Europeans ‘believe Bitcoin is here to stay’
Written by Peter Walker
Two thirds of Europeans have faith that cryptocurrencies will still exist in 10 years’ time, however the majority are still uncertain to how they will be used.
The research, commissioned by Bitcoin exchange bitFlyer, polled 10,000 respondents across the UK, Belgium, Denmark, France, Germany, Italy, Netherlands, Norway, Poland and Spain.
It revealed that Norway was the most optimistic country confident in the future of cryptocurrency, with almost three-quarters (73 per cent) believing they will still exist in some form, while in France, only 55 per cent believed in the longevity of crypto’s existence.
Only eight per cent Europeans believe Bitcoin will be fully ingrained into society as a form of currency in 10 years’ time, with just seven per cent thinking it will be used as a security or investment.
Breaking this down by country, Poland and Italy topped the countries which believe Bitcoin could become a form of currency, at 10 per cent, while in the UK just six per cent believe Bitcoin will become a form of currency in the future.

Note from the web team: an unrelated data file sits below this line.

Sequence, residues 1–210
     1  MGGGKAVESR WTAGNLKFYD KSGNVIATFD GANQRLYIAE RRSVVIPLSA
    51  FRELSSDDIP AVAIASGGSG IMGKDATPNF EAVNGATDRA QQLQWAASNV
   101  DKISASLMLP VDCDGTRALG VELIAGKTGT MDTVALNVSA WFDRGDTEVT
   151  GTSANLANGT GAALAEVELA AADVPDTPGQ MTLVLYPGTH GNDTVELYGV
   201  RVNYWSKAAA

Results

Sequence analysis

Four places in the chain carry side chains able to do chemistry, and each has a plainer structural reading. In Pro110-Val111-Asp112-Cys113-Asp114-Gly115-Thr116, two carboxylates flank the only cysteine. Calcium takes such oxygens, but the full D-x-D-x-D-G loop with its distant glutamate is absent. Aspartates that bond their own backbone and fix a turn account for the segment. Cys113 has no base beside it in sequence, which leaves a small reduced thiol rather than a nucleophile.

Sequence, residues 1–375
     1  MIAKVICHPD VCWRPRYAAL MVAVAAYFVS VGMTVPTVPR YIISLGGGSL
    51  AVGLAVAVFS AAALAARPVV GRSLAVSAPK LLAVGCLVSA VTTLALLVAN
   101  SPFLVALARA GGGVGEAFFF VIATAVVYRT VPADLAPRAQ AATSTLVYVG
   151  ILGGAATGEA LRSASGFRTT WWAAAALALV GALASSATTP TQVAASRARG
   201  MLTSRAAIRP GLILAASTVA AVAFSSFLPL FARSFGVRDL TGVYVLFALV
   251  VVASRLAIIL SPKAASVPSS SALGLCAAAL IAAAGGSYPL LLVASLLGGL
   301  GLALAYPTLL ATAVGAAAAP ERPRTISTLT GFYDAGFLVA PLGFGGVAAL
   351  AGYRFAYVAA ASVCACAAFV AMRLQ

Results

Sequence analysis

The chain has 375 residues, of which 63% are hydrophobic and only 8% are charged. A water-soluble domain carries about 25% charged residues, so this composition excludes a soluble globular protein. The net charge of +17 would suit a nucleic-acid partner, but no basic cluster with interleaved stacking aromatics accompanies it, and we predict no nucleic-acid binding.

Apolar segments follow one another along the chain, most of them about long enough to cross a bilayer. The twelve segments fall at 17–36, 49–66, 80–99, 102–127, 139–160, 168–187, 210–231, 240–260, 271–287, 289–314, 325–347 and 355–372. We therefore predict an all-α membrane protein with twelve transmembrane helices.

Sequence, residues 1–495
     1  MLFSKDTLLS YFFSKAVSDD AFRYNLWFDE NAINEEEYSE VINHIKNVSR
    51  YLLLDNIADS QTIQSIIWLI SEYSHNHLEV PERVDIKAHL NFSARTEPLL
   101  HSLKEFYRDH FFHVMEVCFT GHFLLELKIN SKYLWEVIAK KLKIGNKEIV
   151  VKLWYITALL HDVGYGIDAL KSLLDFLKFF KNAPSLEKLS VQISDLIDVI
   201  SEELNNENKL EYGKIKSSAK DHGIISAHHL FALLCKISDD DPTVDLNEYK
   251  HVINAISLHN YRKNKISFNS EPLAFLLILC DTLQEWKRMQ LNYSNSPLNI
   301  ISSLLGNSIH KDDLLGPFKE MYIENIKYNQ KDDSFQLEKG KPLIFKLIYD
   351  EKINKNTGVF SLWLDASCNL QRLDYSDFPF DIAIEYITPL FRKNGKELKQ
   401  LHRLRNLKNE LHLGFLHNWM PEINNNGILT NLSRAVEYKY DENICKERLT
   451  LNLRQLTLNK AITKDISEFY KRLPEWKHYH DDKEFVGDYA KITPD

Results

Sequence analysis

Andy Bryant, chief operating officer at bitFlyer Europe, said the results indicate that the reputation of cryptocurrency has moved beyond hype and become more established. “It’s very easy to forget just how new cryptocurrencies still are; we’ve only just celebrated bitcoin’s 10th birthday, so for the majority of consumers to believe in crypto’s future is without a doubt an achievement.
“The next step is for the industry to better promote the benefits and use cases of cryptocurrencies to consumers, so that people understand how they will come to be used in society,” he added.
According to the study, fewer Europeans have confidence in Bitcoin existing in 10 years’ time (49 per cent) than they do other cryptocurrencies (63 per cent).
Bryant noted that the fact that Bitcoin is not generating as much support as other cryptocurrencies is in part a symptom of the market’s volatility, but is also a direct impact of the constant media attention that is associated to its volatility.